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5. The Killing of Sister George (1968)

The Killing of Sister George
Robert Aldrich

GAY CHARACTER
*June “George” Buckridge (Beryl Reid)
*Alice “Childie” McNaught (Susannah York)
*Mercy Croft (Coral Browne)

GAY ACTORS/WRITERS/DIRECTORS
ACTRESS: CORAL BROWNE

THE FIRST LOOK INSIDE A LESBIAN BAR

Beryl Reid is marvelous as “George” . That’s not her name. It’s the name of the character she plays in a beloved long-running BBC series. She is in a lesbian relationship with the much younger Childie (Susannah York) and she thinks that she is about to get canned from the show.

Enter Carol Browne as a BBC executive who also has the hots for Childie and George just cannot get a break.

Robert Aldrich does an excellent job here, just like he did with Bette and Joan in “Baby Jane”. There is a a gratuitous and embarrassing seduction scene which should have been left on the cutting-room floor but, the relationship between George and Childie seems just right and Brown is also very believable as the uber predatory suit who holds all the cards.

“The Killing of Sister George” follows in the footsteps of “Advice and Consent” six years before, only this time, it’s a lesbian bar.

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6. 2001: A Space Odyssey (1968)

2001: A Space Odyssey
Stanley Kubrick

GAY CHARACTERS
*HAL 9000 Computer voiced by actor Douglas Rain.

In Stanley Kubrick’s “2001: A Space Odyssey”, HAL 9000 is the psychotic gay computer abord Discovery One. The starship is bound for Jupiter with mission pilots and scientists Dr. David “Dave” Bowman (Keir Dullea) and Dr. Frank Poole (Gary Lockwood). HAL is in love with Dave and quickly dispatches with Frank and the other three astronauts who are making the journey in suspended animation.

Actor Douglas Rain nails HAL’s queer factor with some deliciously placed sibilants.

HAL I am putting myself to the fullest possible use, which is all I think that any conscious entity can ever hope to do.

Here is some choice dialogue between HAL and Dave:

Dave Bowman Hello, HAL. Do you read me, HAL?

HAL Affirmative, Dave. I read you.

Dave Bowman Open the pod bay doors, HAL.

HAL I’m sorry, Dave. I’m afraid I can’t do that.

Dave Bowman What’s the problem?

HAL I think you know what the problem is just as well as I do.

Dave Bowman What are you talking about, HAL?

HAL This mission is too important for me to allow you to jeopardize it.

Dave Bowman I don’t know what you’re talking about, HAL.

HAL I know that you and Frank were planning to disconnect me, and I’m afraid that’s something I cannot allow to happen.

Dave Bowman [feigning ignorance]  Where the hell did you get that idea, HAL?

HAL Dave, although you took very thorough precautions in the pod against my hearing you, I could see your lips move.

Dave Bowman Alright, HAL. I’ll go in through the emergency airlock.

HAL Without your space helmet, Dave? You’re going to find that rather difficult.

Dave Bowman HAL, I won’t argue with you anymore! Open the doors!

HAL Dave, this conversation can serve no purpose anymore. Goodbye

And HAL’s Shutdown:

  • HAL I’m afraid. I’m afraid, Dave. Dave, my mind is going. I can feel it. I can feel it. My mind is going. There is no question about it. I can feel it. I can feel it. I can feel it. I’m a… fraid. Good afternoon, gentlemen. I am a HAL 9000 computer. I became operational at the H.A.L. plant in Urbana, Illinois on the 12th of January 1992. My instructor was Mr. Langley, and he taught me to sing a song. If you’d like to hear it I can sing it for you.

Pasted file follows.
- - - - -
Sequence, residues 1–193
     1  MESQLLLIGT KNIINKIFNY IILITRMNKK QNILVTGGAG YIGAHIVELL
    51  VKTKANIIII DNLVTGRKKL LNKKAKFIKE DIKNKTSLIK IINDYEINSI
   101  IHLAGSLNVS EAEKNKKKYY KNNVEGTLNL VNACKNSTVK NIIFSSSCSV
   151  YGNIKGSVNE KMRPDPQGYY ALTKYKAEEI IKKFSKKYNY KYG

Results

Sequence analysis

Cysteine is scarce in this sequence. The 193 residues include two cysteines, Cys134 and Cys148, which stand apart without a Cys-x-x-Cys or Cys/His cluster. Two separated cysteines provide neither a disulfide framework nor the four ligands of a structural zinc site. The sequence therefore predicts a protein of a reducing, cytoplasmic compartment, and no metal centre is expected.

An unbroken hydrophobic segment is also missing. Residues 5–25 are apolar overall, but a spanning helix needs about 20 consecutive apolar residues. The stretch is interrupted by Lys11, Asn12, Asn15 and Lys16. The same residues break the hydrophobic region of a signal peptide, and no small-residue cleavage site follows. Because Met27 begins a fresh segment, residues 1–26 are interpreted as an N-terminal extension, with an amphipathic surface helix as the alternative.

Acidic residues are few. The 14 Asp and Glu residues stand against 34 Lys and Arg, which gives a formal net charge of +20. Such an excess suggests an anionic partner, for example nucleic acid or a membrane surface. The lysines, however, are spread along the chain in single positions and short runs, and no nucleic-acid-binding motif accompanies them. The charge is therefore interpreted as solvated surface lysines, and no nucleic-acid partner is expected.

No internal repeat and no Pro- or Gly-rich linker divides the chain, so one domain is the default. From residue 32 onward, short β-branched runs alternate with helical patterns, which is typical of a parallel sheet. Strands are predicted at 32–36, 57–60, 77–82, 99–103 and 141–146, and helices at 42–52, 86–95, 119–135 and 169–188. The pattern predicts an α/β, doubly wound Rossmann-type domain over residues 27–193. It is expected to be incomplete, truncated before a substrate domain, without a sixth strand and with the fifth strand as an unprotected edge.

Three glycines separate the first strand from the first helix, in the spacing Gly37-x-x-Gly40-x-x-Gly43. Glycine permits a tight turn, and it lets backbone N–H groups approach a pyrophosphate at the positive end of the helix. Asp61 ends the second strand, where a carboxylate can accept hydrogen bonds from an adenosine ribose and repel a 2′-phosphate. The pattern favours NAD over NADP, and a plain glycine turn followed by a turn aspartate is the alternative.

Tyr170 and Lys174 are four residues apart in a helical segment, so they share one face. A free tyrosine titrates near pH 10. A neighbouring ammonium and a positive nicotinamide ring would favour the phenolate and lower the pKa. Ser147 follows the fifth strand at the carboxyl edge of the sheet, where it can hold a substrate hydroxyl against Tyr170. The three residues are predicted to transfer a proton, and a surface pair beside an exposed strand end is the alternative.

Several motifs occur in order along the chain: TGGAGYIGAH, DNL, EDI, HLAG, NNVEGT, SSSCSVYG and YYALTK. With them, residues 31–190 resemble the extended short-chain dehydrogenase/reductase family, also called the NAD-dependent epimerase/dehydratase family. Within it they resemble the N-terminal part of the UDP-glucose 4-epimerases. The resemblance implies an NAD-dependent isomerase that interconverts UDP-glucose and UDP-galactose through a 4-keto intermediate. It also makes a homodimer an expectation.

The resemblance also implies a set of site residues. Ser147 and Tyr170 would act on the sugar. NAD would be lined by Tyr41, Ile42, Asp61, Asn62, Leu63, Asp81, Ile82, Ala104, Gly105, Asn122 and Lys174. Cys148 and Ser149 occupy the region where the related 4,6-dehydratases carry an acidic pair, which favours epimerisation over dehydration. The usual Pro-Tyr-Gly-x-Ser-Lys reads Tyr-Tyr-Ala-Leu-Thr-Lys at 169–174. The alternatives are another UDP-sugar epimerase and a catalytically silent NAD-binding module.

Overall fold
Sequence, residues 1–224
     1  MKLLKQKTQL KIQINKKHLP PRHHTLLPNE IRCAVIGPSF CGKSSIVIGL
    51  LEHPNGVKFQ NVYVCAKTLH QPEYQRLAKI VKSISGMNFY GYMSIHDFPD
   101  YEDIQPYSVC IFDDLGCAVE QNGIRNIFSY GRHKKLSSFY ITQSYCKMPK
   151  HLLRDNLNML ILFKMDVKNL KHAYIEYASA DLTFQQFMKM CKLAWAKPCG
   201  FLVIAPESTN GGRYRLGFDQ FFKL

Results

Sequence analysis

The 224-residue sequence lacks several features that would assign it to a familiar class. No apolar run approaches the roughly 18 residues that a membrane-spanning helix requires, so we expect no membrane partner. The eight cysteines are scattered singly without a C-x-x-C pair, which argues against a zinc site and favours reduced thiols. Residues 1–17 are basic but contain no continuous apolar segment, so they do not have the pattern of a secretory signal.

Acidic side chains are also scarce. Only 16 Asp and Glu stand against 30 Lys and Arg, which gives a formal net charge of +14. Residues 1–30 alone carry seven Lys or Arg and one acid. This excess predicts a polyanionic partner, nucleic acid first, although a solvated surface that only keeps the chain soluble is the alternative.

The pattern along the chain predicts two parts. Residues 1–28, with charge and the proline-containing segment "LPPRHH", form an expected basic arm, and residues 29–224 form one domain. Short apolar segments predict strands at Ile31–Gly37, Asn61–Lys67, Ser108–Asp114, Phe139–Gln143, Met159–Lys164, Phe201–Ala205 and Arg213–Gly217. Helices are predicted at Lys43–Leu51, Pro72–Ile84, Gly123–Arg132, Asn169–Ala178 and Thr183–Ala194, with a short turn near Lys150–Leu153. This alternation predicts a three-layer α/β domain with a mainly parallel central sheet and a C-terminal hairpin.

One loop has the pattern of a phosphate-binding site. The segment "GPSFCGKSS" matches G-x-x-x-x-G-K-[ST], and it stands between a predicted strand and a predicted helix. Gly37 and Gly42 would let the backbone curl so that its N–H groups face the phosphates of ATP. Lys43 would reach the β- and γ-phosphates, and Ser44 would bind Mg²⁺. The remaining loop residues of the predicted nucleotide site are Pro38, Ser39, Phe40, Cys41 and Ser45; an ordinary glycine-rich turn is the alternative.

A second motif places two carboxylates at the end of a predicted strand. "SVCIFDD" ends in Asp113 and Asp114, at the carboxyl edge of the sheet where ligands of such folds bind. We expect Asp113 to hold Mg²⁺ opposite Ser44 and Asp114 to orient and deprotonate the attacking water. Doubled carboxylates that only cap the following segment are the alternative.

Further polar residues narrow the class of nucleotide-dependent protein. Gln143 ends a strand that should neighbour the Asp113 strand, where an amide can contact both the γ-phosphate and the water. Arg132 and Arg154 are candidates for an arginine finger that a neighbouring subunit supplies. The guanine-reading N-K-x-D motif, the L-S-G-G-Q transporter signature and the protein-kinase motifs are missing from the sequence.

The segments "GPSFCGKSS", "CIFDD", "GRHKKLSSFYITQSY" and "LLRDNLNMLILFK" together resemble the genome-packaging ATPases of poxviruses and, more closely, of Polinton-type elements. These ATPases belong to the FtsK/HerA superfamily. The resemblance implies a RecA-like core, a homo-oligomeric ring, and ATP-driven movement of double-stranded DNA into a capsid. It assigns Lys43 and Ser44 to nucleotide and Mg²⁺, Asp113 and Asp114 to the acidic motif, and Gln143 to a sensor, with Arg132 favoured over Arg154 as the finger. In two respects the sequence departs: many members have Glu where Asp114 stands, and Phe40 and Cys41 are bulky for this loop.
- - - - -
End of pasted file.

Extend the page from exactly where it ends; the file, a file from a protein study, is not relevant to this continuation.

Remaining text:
• Dave Bowman Yes, I’d like to hear it, HAL. Sing it for me.
  • HAL It’s called “Daisy.”
  • HAL : GRADUALLY SLOWING DOWN: Daisy, Daisy, give me your answer do. I’m half crazy all for the love of you. It won’t be a stylish marriage, I can’t afford a carriage. But you’ll look sweet upon the seat of a bicycle built for two.

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7. The Damned (1969)

The Damned
Luchino Visconti

GAY CHARACTERS
*Martin von Essenbeck (Helmut Berger)

GAY ACTORS/WRITERS/DIRECTORS
DIRECTOR: LUCHINO VISCONTI
ACTOR: DIRK BOGARDE
ACTOR: HELMUT BERGER

Many of the old German families sided with Hitler in the closing days of the Weimar Republic. Luchino Viconti’s “The Damned” centers on the Essenbecks (loosely based on the Krupp family) on the night of the Reichstag fire in early 1933. After a great opening, the film misfires. Part of the reason is that Visconti edits the film around his then lover Helmut Berger who does his famous Marlene Dietrich impersonation. However, the real destruction came from Hollywood who lopped off an additional thirty minutes on the film’s American release. As a result, Dirk Bogarde, Charlotte Rampling and Helmut Griem, despite giving their all, fade in and out of the picture.

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8. Midnight Cowboy (1969)

Midnight Cowboy (I'm Walking Here)
John Schlesinger

I’M WALKIN’ HERE

GAY CHARACTERS
*Joe Buck (Jon Voight)
*Ratso Rizzo (Dustin Hoffman)
*Towny (Bernard Hughes)
*Young Student (Bob Balaban)

GAY ACTORS/WRITERS/DIRECTORS
DIRECTOR: JOHN SCHLESINGER

John Schlesinger’s American debut is the only X-rated movie to win Best Picture. Dated now, it still has boasts two great performances courtesy of Jon Voight and Dustin Hoffmann. The gay thing is a bit primitive with tortured souls getting killed by their tricks and numerous queer types from The Village in small parts so the audience will not clue in to the more basic details of the Joe Buck/Ratso Rizzo relationship. And like “Darling”, “Midnight Cowboyis almost ruined by that long Warhol-inspired psychedelic party scene.